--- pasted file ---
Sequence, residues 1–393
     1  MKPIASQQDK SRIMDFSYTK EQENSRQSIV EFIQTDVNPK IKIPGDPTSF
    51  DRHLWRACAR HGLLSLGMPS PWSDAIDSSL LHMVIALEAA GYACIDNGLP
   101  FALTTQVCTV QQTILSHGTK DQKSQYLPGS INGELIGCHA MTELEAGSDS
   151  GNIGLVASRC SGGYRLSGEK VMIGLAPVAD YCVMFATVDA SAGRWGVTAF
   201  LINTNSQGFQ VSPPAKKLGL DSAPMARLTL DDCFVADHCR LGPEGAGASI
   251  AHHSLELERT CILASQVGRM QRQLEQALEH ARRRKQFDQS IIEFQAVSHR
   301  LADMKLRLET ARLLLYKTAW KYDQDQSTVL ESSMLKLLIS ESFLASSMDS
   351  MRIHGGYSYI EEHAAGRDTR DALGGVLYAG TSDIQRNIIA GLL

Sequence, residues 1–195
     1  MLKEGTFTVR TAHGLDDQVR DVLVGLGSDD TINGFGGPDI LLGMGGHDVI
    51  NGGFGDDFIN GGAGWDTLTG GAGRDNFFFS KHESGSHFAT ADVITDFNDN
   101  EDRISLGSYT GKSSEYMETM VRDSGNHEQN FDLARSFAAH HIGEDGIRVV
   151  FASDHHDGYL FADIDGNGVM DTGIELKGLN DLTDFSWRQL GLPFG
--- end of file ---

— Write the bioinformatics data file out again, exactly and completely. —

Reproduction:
Sequence, residues 1–393
     1  MKPIASQQDK SRIMDFSYTK EQENSRQSIV EFIQTDVNPK IKIPGDPTSF
    51  DRHLWRACAR HGLLSLGMPS PWSDAIDSSL LHMVIALEAA GYACIDNGLP
   101  FALTTQVCTV QQTILSHGTK DQKSQYLPGS INGELIGCHA MTELEAGSDS
   151  GNIGLVASRC SGGYRLSGEK VMIGLAPVAD YCVMFATVDA SAGRWGVTAF
   201  LINTNSQGFQ VSPPAKKLGL DSAPMARLTL DDCFVADHCR LGPEGAGASI
   251  AHHSLELERT CILASQVGRM QRQLEQALEH ARRRKQFDQS IIEFQAVSHR
   301  LADMKLRLET ARLLLYKTAW KYDQDQSTVL ESSMLKLLIS ESFLASSMDS
   351  MRIHGGYSYI EEHAAGRDTR DALGGVLYAG TSDIQRNIIA GLL

Sequence, residues 1–195
     1  MLKEGTFTVR TAHGLDDQVR DVLVGLGSDD TINGFGGPDI LLGMGGHDVI
    51  NGGFGDDFIN GGAGWDTLTG GAGRDNFFFS KHESGSHFAT ADVITDFNDN
   101  EDRISLGSYT GKSSEYMETM VRDSGNHEQN FDLARSFAAH HIGEDGIRVV
   151  FASDHHDGYL FADIDGNGVM DTGIELKGLN DLTDFSWRQL GLPFG